IDEAS home Printed from
MyIDEAS: Log in (now much improved!) to save this paper

Malthusian Trap and Endogenous Population

  • Hung, Nguyen Manh


  • Makdissi, Paul

In this paper, we develop a model in which human being constitutes the sole asset and is a production factor which can be combined with a fixed factor, say land, to produce a homogeneous commodity. Saving, so to speak, can only be made through having children, the number of which is an endogenous decision to the household. We show that the economy will run into the Malthusian equilibrium with high population and subsistent per capita consumption only when the initial population is large enough. Otherwise, the steady state equilibrium with lower population and higher per capita consumption than the Malthusian outcome will prevail. Also, we have identified the persistent Malthusian equilibrium - or Malthusian trap - and demonstrate that the economy can escape from this unappealing long run situation either through a suitable technological shift or an appropriate subsidy of the child-rearing cost. Our results are then extended to the stochastic framework where the time rate of population change undergoes a process of Brownian motion. The probability distribution of the steady state is well determined, and saving via the number of offsprings, as with the standard capital model, incorporates a precautionary component. Nous développons un modèle dans lequel l'être humain constitue le seul actif et est un facteur de production accumulable qui peut être combiné avec un autre facteur en quantité fixe, la terre, pour produire un bien homogène. L'épargne dans un tel modèle ne peut se faire que sous la forme d'enfants dont le nombre est une décision endogène pour le ménage. Nous démontrons que l'économie ne converge vers un équilibre malthusien avec un niveau de population élevé et un niveau de consommation de subsistance que si la population initiale est suffisamment nombreuse. Autrement, un état stationnaire avec une population moins nombreuse et une consommation per capita plus élevée prévaudra. Nous avons de plus identifié l'équilibre malthusien persistant - ou piège malthusien - et démontré que l'économie peut s'échapper de cette situation de long terme via un choc technologique suffisamment important ou via un subside approprié du coût d'élever des enfants. Nous étendons nos résultats … un cadre stochastique où le taux de croissance de la population est sujet … un mouvement brownien. La distribution … l'état stationnaire est déterminé et l'épargne via le nombre d'enfants, tout comme dans les modèles d'accumulation de capital standard, inclut une composante de précaution.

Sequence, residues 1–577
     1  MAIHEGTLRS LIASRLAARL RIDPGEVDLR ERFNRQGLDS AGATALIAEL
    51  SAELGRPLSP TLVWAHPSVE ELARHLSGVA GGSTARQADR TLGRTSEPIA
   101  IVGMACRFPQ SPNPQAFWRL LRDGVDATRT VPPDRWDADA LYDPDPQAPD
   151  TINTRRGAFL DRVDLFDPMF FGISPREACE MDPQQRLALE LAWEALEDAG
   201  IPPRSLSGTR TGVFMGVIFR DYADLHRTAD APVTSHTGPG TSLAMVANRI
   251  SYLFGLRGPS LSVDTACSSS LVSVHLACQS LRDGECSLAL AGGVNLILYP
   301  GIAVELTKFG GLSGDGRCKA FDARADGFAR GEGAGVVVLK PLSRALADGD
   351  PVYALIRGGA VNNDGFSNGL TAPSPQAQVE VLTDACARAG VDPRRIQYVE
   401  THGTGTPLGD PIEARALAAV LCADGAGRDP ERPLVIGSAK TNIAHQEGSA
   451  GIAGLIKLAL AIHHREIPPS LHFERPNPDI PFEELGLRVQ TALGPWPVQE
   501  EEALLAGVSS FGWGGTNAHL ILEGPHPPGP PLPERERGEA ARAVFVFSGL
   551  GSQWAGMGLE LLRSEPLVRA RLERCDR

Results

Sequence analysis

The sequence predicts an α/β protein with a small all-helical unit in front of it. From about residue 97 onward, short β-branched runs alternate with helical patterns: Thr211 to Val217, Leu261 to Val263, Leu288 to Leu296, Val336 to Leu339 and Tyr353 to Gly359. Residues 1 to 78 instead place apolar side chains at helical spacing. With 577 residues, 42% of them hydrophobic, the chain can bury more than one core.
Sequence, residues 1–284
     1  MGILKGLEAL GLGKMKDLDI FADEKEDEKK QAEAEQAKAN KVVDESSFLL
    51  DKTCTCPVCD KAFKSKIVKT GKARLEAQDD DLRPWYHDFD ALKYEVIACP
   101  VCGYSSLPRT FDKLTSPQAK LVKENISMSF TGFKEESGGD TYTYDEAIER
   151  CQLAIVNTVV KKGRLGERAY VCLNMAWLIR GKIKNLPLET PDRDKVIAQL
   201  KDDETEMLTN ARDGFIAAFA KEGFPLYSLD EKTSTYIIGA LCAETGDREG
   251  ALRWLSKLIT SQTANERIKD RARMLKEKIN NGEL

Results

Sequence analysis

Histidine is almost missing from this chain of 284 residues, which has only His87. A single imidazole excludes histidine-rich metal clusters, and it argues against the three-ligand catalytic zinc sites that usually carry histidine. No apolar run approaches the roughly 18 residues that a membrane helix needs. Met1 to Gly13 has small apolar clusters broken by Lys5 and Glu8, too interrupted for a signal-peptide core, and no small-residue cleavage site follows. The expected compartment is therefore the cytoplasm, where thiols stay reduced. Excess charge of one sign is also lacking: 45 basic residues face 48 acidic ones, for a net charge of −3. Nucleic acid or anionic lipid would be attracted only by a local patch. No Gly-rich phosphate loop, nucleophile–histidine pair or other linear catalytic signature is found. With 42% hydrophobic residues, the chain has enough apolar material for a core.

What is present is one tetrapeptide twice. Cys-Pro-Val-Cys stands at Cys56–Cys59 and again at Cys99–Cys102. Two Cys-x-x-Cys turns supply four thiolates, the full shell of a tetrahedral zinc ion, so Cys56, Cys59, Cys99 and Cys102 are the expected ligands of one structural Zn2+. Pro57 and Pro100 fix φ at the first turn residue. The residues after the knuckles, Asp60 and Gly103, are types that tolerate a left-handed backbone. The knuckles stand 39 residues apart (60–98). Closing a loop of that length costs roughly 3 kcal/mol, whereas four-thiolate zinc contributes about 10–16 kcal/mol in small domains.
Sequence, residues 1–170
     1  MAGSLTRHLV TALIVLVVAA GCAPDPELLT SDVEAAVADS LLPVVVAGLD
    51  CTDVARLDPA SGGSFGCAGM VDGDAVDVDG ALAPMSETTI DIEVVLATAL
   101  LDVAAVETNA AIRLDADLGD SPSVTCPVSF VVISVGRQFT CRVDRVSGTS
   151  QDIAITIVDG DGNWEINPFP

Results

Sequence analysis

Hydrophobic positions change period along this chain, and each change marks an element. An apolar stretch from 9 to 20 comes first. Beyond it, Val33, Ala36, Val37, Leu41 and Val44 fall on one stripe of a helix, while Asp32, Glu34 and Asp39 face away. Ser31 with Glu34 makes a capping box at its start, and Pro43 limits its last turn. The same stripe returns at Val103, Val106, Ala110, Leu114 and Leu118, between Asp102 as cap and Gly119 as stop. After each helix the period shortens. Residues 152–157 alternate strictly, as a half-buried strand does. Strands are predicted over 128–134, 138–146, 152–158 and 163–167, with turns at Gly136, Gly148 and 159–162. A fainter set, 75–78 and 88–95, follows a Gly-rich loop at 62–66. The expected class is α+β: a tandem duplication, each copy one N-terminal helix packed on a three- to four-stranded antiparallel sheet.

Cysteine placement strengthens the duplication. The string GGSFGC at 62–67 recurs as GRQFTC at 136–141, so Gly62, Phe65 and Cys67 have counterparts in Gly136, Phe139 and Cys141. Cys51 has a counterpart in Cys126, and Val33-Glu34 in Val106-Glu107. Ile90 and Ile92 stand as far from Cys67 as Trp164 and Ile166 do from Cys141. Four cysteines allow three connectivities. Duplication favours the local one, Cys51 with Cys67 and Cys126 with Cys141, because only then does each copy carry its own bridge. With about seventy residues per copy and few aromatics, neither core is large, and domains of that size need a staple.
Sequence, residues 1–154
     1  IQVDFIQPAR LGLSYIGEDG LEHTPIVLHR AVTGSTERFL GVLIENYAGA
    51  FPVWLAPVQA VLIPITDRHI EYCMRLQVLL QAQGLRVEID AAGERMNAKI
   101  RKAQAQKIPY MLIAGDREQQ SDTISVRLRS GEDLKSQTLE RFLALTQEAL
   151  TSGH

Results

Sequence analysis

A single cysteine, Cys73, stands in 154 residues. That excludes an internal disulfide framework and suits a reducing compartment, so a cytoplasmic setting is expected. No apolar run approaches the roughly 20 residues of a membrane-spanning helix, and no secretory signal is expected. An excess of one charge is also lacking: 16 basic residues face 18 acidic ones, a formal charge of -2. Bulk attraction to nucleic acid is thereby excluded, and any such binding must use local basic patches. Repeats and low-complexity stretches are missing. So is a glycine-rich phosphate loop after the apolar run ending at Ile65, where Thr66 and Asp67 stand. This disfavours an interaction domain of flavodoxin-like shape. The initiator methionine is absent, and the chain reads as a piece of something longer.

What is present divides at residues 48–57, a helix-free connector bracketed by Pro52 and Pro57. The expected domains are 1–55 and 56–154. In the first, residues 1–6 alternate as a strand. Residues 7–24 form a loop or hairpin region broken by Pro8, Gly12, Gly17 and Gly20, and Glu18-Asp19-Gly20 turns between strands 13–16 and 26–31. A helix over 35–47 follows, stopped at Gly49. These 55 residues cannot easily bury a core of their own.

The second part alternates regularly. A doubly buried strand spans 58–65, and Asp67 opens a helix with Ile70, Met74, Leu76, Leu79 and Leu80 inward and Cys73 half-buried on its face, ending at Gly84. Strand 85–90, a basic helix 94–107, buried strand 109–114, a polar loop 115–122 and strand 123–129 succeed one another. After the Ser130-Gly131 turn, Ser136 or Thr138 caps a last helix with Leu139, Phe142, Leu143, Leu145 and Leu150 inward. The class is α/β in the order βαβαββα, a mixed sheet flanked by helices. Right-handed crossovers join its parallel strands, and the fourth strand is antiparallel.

If you experience problems downloading a file, check if you have the proper application to view it first. In case of further problems read the IDEAS help page. Note that these files are not on the IDEAS site. Please be patient as the files may be large.

File URL:
Download Restriction: no

Paper provided by Université Laval - Département d'économique in its series Cahiers de recherche with number 9705.

in new window

Date of creation: 1997
Date of revision:
Handle: RePEc:lvl:laeccr:9705
Contact details of provider: Postal:
Pavillon J.A. De Sève, Québec, Québec, G1K 7P4

Phone: (418) 656-5122
Fax: (418) 656-2707
Web page:

More information through EDIRC

No references listed on IDEAS
You can help add them by filling out this form.

This item is not listed on Wikipedia, on a reading list or among the top items on IDEAS.

When requesting a correction, please mention this item's handle: RePEc:lvl:laeccr:9705. See general information about how to correct material in RePEc.

For technical questions regarding this item, or to correct its authors, title, abstract, bibliographic or download information, contact: (Manuel Paradis)

If you have authored this item and are not yet registered with RePEc, we encourage you to do it here. This allows to link your profile to this item. It also allows you to accept potential citations to this item that we are uncertain about.

If references are entirely missing, you can add them using this form.

If the full references list an item that is present in RePEc, but the system did not link to it, you can help with this form.

If you know of missing items citing this one, you can help us creating those links by adding the relevant references in the same way as above, for each refering item. If you are a registered author of this item, you may also want to check the "citations" tab in your profile, as there may be some citations waiting for confirmation.

Please note that corrections may take a couple of weeks to filter through the various RePEc services.

This information is provided to you by IDEAS at the Research Division of the Federal Reserve Bank of St. Louis using RePEc data.